11 Things You Probably Don’t Realize You Shouldn't Tell People At Work
We all spend a helluva lot of time at work, and one way to handle that is by getting close with coworkers. Even if the only thing you share in common is your job, it's nice to have someone to vent to and share office gripes. But that doesn't mean you can say whatever you want at work.
Whether you're complaining about your boss, or dishing about your relationship drama, it's totally possible to share more than what is appropriate, and suffer consequences as a result. While this might not be happen with true work BFFs, you can never be too careful when it comes to remaining professional.
So, while it might not be as fun, it's often smart to stick with some work-approved topics. "The safest bet is to stick with public information and leave your own personal opinions or prejudices out of it," author and life coach Kali Rogers tells Bustle. "That's why people love talking about the weather! You have to be hard-pressed to make weather an offensive topic of conversation, and all you have to do is step outside in order to be included in the topic."
But your convos can go beyond that, once you gauge whether or not it's OK. "Current events, and work-related topics (projects, meetings, conferences) are all great topics to stick with at work," Rogers adds. "If you prefer to open up your personal life to coworkers, that could be completely appropriate, as long as you are prepared for any consequences that may come with it." Read on for a few more guidelines in the form of what not to say.
1. That You're Searching For A New Job
While it can be tempting to tell your coworkers that you're looking for something new, do try to keep it a secret as best you can. "If your boss discovers that you are looking for a new home, even if your reason is justified, he or she will view your decision as a sign of disloyalty," says career counselor and executive coach Roy Cohen. This can cause some trust issues, especially if you decide to stay.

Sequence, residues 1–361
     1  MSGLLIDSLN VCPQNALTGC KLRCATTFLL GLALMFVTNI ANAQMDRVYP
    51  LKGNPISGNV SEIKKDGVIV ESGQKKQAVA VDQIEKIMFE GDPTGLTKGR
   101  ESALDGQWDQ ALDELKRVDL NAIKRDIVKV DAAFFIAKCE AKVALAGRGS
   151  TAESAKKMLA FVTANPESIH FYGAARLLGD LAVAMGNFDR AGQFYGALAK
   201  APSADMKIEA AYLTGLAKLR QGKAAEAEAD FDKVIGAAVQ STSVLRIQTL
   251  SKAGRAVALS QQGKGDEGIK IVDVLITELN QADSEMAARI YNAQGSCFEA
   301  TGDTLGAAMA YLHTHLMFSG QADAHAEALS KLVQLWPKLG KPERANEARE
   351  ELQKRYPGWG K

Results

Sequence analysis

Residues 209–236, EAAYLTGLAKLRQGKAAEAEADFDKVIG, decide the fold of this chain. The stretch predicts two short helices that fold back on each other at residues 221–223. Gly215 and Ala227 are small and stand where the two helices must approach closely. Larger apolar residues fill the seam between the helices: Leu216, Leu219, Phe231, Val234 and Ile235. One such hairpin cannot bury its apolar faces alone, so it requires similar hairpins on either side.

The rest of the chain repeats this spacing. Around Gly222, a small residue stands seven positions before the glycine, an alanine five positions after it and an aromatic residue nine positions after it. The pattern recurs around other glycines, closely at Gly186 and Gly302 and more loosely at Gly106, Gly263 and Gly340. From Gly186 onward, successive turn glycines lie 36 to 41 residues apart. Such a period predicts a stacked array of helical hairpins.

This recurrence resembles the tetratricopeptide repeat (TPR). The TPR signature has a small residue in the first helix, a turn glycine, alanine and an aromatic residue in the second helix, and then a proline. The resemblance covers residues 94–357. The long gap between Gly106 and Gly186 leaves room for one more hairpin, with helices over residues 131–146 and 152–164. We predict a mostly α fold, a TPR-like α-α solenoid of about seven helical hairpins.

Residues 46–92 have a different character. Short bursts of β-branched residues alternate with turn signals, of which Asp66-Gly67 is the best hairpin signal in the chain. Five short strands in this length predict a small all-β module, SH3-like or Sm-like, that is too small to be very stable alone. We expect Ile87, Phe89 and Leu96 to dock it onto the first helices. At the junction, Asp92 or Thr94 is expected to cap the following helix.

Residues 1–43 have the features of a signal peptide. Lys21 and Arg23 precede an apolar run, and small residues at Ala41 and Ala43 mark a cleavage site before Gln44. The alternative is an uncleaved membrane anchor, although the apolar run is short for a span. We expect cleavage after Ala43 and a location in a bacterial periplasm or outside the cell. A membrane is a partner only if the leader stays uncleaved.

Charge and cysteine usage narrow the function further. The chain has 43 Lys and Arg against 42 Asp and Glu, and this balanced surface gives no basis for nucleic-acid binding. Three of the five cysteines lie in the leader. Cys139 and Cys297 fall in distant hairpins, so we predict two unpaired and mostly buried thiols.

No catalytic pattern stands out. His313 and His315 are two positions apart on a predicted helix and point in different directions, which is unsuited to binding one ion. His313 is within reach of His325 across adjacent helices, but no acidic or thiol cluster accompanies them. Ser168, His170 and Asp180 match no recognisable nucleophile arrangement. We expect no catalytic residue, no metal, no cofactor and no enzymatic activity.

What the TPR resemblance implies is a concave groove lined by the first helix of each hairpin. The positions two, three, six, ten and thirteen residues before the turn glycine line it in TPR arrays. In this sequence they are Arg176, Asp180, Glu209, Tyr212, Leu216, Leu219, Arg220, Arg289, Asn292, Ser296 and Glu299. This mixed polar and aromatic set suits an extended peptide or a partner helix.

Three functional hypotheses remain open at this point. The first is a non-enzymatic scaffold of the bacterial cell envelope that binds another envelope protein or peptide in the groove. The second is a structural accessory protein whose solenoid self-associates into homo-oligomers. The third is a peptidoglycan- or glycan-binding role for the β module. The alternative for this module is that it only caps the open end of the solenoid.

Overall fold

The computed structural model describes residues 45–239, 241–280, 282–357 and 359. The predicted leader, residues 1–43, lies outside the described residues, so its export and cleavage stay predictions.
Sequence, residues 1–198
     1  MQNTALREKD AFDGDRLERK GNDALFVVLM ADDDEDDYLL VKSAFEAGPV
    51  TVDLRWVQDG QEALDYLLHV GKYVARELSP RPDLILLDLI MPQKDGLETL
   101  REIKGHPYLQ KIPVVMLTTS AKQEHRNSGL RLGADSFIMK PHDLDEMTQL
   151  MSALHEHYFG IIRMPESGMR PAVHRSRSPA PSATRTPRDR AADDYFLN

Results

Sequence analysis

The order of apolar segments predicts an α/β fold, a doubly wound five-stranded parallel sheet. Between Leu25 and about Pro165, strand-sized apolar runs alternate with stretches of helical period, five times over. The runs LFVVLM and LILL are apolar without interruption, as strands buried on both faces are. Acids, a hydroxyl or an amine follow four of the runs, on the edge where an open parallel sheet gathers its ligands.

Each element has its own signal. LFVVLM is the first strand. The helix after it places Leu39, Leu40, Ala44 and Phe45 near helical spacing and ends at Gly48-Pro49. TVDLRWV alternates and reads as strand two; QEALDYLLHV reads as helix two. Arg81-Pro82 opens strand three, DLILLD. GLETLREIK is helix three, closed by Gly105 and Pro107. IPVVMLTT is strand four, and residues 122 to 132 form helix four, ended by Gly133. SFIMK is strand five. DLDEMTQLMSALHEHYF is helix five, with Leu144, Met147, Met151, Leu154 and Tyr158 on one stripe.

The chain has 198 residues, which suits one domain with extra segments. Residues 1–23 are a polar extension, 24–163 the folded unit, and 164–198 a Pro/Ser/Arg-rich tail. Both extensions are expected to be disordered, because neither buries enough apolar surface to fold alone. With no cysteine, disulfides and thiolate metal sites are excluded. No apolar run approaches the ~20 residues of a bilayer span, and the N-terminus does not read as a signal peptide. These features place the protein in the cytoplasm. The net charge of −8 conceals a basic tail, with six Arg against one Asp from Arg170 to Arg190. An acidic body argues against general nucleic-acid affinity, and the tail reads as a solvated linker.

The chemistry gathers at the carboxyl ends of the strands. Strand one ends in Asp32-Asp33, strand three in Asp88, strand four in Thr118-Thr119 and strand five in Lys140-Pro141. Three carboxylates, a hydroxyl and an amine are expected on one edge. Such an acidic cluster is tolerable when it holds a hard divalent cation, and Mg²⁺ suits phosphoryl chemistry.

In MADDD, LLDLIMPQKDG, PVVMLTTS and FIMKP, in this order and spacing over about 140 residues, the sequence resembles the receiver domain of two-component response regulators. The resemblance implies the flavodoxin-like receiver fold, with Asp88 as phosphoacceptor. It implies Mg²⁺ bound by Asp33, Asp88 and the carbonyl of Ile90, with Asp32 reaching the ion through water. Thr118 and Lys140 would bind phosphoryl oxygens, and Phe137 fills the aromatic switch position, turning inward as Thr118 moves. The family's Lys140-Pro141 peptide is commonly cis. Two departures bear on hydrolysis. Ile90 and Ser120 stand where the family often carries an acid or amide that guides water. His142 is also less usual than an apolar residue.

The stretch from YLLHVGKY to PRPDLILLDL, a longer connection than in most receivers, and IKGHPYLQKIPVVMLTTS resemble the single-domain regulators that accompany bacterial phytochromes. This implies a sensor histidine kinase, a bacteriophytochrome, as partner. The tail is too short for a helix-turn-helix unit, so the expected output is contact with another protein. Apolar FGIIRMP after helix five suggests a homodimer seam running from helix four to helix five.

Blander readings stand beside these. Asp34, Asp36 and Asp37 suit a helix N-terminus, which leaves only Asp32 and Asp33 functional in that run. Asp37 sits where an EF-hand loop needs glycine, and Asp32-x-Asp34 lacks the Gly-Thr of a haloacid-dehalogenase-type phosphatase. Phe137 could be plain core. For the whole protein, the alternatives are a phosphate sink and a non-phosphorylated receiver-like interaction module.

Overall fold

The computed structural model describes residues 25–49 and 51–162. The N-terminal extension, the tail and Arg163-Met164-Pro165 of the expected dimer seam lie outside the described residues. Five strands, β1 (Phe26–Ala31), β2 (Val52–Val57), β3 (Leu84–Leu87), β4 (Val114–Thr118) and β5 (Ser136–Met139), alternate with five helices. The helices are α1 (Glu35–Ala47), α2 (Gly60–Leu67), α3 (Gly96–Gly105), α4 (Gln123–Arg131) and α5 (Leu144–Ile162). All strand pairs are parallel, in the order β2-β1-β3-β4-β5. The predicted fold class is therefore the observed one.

2. How Much You Dislike Your Boss
If you work somewhere with a tyrant of a boss, it can be difficult to keep your negative thoughts to yourself — especially if your coworkers start sharing their opinions. But keep in mind how quickly things like this can spread. "It is likely to get back to your boss if done behind [their] back," Cohen says. And that's never good.
3. How Hungover You Are
Unless you work in a creative, fun environment with a bunch of people your age — who are also likely tired or hungover — it's best to keep your symptoms to yourself. "Complaining about how hungover you are ... is obviously not the smartest way to impress a boss or coworker," says Jaclyn Johnson, founder of Create & Cultivate. If it slips out, that's OK. Just don't make it a habit.
4. What You Really Think About Your Coworker
News spreads quickly through tiny offices, so don't put yourself in a position that might make you look bad. "You don't want to be the office water cooler — meaning, you don't want to be the person everyone gathers around to gossip," Johnson says. "That's not a good look and will likely get you in trouble down the line."
5. How Much You Hated Your Old Job
You never know who knows who in this world, so it's better to keep negative opinions about your old place of employment under wraps. "Talking smack about a former boss or company is dangerous," Johnson says. Again, you don't want to be that person. It's just not worth it.